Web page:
“Our Internet economy is the envy of the world because it is open to all. That is why I support net neutrality. But the FCC is on course to eliminate net neutrality guided by a record corrupted by hundreds of thousands of filings with stolen identities, close to half a million comments from Russian e-mail addresses, and an alleged distributed denial of service attack,” said FCC Commissioner Rosenworcel said. “This is unacceptable. The integrity of the public record matters. The FCC needs to get to the bottom of this mess. No vote should take place until a responsible investigation is complete.”
In a November open letter to FCC Chairman Ajit Pai, Attorney General Schneiderman announced that his office has – for six months – been investigating the submission of enormous numbers of fake comments on the possible repeal of neutrality rules, which used real Americans’ identities. An updated analysis by the Attorney General’s office found that approximately one million of these comments may have misused the real names and addresses of Americans – including tens of thousands of New Yorkers.
Prior to releasing the open letter, the Attorney General’s office had contacted the FCC and its top officials at least nine times to request assistance in its investigation. The FCC and the FCC Inspector General’s office had been unwilling to provide records necessary to investigate who may be behind the misused identities, a departure from past practice, where the FCC has cooperated with the Attorney General’s office on confidential investigations into practices that harmed New Yorkers and residents of other states. However, earlier today, the FCC’s Inspector General’s office reversed course, indicating that it will assist with the Attorney General’s investigation.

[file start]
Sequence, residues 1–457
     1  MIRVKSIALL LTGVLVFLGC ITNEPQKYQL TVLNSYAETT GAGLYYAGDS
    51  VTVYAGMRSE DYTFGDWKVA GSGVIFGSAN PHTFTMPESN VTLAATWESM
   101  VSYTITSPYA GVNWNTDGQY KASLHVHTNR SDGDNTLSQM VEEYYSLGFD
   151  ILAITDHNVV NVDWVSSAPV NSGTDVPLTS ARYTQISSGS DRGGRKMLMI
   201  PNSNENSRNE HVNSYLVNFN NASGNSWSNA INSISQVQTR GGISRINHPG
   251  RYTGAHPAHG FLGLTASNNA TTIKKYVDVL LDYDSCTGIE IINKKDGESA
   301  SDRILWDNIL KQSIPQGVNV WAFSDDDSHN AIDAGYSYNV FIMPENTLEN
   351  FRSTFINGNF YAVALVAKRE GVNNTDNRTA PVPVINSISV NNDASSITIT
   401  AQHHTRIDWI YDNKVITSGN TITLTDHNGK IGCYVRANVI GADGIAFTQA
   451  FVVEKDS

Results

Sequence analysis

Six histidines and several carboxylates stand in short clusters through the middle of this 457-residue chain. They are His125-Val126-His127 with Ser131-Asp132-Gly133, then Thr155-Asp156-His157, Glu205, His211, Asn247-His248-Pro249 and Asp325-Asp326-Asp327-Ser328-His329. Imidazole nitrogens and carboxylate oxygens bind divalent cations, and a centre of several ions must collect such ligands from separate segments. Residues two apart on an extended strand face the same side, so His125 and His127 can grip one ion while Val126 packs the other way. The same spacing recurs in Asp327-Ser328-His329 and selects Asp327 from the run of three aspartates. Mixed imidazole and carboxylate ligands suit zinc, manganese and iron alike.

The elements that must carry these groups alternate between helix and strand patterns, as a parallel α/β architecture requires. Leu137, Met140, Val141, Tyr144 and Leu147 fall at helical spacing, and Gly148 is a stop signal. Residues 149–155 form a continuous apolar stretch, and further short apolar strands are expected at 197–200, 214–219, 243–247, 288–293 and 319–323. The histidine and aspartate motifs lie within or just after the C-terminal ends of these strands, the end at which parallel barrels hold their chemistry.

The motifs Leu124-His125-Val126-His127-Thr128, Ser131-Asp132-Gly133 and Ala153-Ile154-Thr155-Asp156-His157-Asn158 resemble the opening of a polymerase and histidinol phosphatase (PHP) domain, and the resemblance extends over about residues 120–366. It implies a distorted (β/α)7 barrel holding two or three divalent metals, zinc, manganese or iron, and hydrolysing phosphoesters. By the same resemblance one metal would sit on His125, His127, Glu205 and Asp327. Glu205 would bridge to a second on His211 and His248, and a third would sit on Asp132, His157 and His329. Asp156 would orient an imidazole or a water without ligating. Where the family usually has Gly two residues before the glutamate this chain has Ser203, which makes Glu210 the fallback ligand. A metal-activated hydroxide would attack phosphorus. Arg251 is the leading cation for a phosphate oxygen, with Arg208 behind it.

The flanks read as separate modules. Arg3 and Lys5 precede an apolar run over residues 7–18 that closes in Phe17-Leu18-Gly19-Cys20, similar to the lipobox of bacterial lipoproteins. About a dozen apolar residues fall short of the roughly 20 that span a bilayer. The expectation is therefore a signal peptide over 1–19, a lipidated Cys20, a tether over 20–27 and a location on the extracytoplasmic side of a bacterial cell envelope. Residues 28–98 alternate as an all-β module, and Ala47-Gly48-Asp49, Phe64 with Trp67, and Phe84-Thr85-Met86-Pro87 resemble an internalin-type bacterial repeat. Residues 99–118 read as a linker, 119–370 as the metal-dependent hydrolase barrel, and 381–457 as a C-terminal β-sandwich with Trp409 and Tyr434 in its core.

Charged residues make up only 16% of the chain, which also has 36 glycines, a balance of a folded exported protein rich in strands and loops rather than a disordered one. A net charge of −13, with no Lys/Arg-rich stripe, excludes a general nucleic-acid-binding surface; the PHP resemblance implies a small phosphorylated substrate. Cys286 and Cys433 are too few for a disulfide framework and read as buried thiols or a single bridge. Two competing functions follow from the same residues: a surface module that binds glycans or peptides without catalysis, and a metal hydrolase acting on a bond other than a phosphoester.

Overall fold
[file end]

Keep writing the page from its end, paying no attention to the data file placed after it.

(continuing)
Last week, Schneiderman launched a new webpage for New Yorkers to check whether their identities were wrongfully used without their consent. In the last five days alone, over 3,200 people have reported misused identities to the Attorney General’s office, including nearly 350 New Yorkers from across the state.
As for Senate Democrats, they are not sitting idly by.
"We write to urge you to abandon your reckless plan to radically alter the free and open Internet as we know it,” a Dec. 12 letter to FCC Chair Ajit Pai says. ““By rolling back the FCC’s current prohibitions against blocking, throttling, and paid prioritization, the Draft Order could lead to a tiered and compartmentalized internet, and whose characteristic openness is limited to those students, schools, and institutions who can afford it.”
The letter was spearheaded by Sen. Patty Murray, (D-Wash.) and signed by more than 30 of her Senate colleagues.